WATCH: Gran reprimands her grandson for poor driving in new road safety campaign

Errant young male motorists are being shamed into better driving by their grans in new Road Safety Scotland adverts launched today.

Thursday, 2nd May 2019, 11:39 am
Updated Thursday, 2nd May 2019, 6:40 pm
The driver's gran admonishes him for texting at the wheel

One shows a driver being ticked off by his gran for texting at the wheel after she suddenly appears beside him in the car.

In another of the series of TV and cinema adverts, drivers are admonished for having noisy friends in the car or driving too fast.

The adverts are part of the Scottish Government and Road Safety Scotland's new #DriveSmart campaign aimed at 20 to 29-year-old motorists - the most at-risk age group.

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Young drivers say they act more responsibly when their gran is in the car

It was inspired by young men saying they drove better when carrying "precious cargo" like their gran.

They are also said to be concerned about letting down family members, including gran, with poor driving behaviour, such as texting or speeding.

The age group is more likely to be involved in a crash than any other, with 2,040 were involved in crashes over the last year and 314 killed or seriously injured.

Scot Christine Hinshelwood, a grandmother who took part in the radio advertising, said: “The thought of my grandson being involved in an accident or, God forbid, being the cause of one just doesn’t bear thinking about.

Gran appearing unexpectedly from under litter in the passenger footwell

“This campaign struck a real chord with me, so I jumped at the chance to get involved and help spread the #DriveSmart message.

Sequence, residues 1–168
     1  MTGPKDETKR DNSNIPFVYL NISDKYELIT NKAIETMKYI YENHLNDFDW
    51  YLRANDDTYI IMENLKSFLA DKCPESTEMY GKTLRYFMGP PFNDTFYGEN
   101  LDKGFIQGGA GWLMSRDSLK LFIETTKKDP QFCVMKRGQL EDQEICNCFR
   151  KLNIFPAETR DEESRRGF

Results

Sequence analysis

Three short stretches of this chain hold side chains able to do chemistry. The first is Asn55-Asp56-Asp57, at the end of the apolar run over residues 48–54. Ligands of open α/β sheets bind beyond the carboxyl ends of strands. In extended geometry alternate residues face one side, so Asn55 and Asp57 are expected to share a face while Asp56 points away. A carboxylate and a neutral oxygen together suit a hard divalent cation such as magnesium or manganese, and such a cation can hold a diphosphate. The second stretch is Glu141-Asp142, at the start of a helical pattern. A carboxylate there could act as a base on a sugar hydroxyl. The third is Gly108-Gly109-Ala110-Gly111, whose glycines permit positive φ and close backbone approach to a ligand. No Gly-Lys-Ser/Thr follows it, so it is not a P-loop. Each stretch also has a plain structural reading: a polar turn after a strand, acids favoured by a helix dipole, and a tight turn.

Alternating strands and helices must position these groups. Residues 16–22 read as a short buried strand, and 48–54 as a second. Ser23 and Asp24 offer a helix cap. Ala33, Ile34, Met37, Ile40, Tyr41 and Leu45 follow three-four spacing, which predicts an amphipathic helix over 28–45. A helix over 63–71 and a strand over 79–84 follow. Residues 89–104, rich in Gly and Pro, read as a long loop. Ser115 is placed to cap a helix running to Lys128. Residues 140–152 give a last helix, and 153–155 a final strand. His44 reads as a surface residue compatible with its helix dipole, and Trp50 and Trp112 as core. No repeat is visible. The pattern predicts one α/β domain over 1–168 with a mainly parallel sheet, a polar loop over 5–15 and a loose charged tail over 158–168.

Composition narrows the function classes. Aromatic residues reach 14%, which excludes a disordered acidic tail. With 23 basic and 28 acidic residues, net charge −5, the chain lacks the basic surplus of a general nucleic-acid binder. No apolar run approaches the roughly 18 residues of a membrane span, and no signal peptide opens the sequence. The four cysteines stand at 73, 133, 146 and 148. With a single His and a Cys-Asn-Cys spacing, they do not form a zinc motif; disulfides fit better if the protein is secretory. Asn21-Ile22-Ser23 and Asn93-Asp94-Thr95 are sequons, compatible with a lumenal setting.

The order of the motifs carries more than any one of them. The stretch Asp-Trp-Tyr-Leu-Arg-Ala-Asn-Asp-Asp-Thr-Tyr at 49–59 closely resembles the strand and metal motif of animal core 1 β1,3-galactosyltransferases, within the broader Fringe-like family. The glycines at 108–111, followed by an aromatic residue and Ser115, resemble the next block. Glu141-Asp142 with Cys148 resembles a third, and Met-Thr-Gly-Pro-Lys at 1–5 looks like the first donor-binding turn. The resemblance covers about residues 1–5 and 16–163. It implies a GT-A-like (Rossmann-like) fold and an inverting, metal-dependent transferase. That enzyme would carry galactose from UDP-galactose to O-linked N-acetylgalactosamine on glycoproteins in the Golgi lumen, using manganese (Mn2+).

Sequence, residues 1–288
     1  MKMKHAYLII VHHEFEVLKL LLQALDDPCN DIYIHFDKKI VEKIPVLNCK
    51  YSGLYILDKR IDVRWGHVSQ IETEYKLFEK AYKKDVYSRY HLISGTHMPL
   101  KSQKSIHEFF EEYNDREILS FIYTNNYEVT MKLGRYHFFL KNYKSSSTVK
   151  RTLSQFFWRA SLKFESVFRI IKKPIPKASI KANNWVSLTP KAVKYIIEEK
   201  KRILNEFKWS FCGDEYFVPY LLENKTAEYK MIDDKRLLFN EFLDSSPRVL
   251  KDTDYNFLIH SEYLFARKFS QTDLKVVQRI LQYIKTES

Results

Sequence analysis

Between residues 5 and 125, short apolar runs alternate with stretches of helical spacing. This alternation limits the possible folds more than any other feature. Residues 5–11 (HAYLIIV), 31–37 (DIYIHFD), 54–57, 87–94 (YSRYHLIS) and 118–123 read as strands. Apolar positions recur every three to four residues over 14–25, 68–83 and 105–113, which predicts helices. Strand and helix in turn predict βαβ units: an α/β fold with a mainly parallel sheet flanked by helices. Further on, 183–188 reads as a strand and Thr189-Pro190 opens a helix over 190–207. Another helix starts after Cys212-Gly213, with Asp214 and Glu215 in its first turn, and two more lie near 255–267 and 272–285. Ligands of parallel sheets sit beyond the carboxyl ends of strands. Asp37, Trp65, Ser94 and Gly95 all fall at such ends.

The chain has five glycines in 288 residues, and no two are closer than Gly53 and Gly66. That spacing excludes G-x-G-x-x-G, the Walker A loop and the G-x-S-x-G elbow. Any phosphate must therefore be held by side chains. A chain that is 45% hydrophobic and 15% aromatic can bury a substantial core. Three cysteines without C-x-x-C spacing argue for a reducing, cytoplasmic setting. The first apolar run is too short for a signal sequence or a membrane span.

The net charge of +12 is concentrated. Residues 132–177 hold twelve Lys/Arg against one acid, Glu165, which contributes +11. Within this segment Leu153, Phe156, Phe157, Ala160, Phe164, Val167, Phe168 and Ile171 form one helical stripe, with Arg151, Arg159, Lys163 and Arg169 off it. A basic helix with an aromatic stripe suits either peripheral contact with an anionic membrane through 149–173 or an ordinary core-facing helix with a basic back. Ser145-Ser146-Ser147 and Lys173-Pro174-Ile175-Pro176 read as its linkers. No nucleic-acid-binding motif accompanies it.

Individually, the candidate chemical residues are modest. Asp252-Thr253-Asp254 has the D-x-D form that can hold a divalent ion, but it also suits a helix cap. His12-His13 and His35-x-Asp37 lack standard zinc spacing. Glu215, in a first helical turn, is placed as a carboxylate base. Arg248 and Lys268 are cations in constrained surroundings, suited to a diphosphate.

"I’m sure the campaign will be a real success and I hope young men take the message to heart.”

Neil Greig, the Scotland-based policy and research director of motoring group IAM RoadSmart, said: "We like this campaign as it promotes the idea that mature people can give useful advice based on their experience.

"It recognises the reality that young men do change their behaviour with different passengers.

"It then presents it in a witty way.

"The impact will be a slow burn but if it gets them thinking more about their driving it will hopefully lead to actual change in behaviour."

Road Safety Scotland director Michael McDonnell said: “Young men are prone to over-confidence in their abilities, a misplaced sense of control and a desire to push themselves and their cars to the limits.

“This campaign will address some of the key contributing factors that lead to casualties on Scotland’s roads in a way that young men will take notice of.

"Next time the drivers see themselves slipping into bad habits, they should imagine gran is in the car with them.”